The reasons that brought Cedro Capital to Central Brazil | Interview with Bruno Brito
August 31, 2020


Creating investment alternatives in a region with high growth rates and that was off the radar of the fund industry made the founders of Cedro Capital choose Central Brazil as their area of operation. In 2013, when the manager was created, almost two-thirds of Venture Capital funds were allocated to São Paulo, followed by Rio de Janeiro and Southern states. “The Midwest corresponded to about 10% of the national GDP, but at that time it didn’t have even 1% of Brazil’s Venture Capital and Private Equity money” explains Bruno Brito, Managing Director of the company.
Given the opportunity, Cedro Capital over these 7 years has developed financial products for institutional investors in the Midwest, Tocantins and Minas Gerais, besides offering the opportunity for regional diversification. Since 2016, when the first fund was launched, the company has made 11 investments and sold stakes in two startups in the portfolio.

1. Four years after the launch of the first fund, what opportunities still exist in Central Brazil?
There is already a good critical mass of technology companies and good entrepreneurs developing interesting businesses in the region. That is why we are here, to help in the development of these businesses.
Innovation is always connected to workforce training, so we seek to be close to research centers and accelerators. There are excellent universities in the Central Brazil region and the entrepreneurs that come out of them look at the geography around them. In Brasília, there is a great supply, for example, of information technology startups, because the government consumes a lot of this.

2. Where are the main innovation clusters in this region?
There are several innovation clusters in this region. Brasilia is, without a doubt, one of them. Uberlândia is an important center as well – Gira, whose departure was recently announced, is from there. Belo Horizonte, although not exactly understood as part of Central Brazil, is an important nearby center. Finally, another pole is Goiânia, where we have two companies invested today.

3. What is Cedro Capital’s fundraising strategy?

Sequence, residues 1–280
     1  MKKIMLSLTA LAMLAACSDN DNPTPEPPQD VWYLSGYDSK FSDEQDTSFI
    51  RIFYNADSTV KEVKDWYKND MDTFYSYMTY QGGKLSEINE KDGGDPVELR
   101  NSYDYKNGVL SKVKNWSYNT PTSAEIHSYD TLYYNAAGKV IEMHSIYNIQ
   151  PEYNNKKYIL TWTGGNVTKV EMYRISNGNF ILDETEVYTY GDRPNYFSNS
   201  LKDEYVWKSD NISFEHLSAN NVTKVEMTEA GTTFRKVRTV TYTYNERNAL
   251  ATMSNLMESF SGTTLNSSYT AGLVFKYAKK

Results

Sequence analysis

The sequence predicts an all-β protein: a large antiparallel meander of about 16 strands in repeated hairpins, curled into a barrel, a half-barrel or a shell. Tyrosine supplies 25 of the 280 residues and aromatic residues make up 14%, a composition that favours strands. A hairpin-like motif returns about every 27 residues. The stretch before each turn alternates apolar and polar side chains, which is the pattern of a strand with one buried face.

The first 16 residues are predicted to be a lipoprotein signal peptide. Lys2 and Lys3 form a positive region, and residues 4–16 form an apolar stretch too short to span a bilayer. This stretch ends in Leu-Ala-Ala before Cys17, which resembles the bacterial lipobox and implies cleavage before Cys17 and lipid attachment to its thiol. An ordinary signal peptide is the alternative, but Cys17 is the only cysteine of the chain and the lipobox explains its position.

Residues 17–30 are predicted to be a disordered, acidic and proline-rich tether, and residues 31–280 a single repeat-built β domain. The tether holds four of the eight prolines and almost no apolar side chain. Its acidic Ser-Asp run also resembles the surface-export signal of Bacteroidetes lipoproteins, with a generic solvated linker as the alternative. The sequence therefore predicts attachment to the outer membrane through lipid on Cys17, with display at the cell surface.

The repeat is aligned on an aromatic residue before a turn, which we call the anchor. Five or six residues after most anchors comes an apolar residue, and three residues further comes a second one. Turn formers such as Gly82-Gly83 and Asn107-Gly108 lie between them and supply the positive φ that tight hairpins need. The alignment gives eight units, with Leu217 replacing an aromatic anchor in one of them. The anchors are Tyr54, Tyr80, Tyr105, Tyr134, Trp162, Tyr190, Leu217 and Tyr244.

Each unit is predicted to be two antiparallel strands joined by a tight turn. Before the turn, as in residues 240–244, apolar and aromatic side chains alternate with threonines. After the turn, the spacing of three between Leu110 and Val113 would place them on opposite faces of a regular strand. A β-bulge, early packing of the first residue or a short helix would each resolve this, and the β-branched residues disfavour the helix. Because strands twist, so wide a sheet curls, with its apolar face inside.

We are a multi-product manager, with a Venture Capital fund for startups in the region, an FIDC to anticipate performing credits of local productive chains, and a multi-market fund. Cedro’s core strategy reflects this positioning.
When you look at the Brazilian market and analyze the financial products available for institutional investors’ capital allocation, you come to the conclusion that more than 90% of the products are backed by assets from the Southeast region, especially the Rio-Sao Paulo axis. What we are doing is developing financial products and prioritizing it for local institutional investors, as well as offering the opportunity for those who want to diversify.

4. What sector (or sectors) of techs have the most room for growth and new business development in these states?
Information and Communication Technologies (ICTs), agribusiness, and healthcare are the main verticals in the region. In Anápolis, for example, there is one of the main pharmochemical poles in Brazil, and the presence of large pharmaceutical companies moves this chain in the health sector.
But we at Cedro are pretty sector agnostic. What we are looking for are good investment opportunities in technology and innovation companies. This is the drive of our investments. We look at various sectors: cloud computing, cyber security, tracking, internet of things, educational technologies, etc.

5. Cedro Capital recently sold its participation in Gira. What does this deal, closed with Santander, represent?
Gira was an important milestone not only for the fund but for the overall innovation ecosystem in Brazil, because for the first time a major bank acquired an agribusiness startup. I am absolutely sure that Gira, within Santander’s platform, will grow a lot. There is a lot of innovation and technology in there.

Source: ABVCAP News | September 2020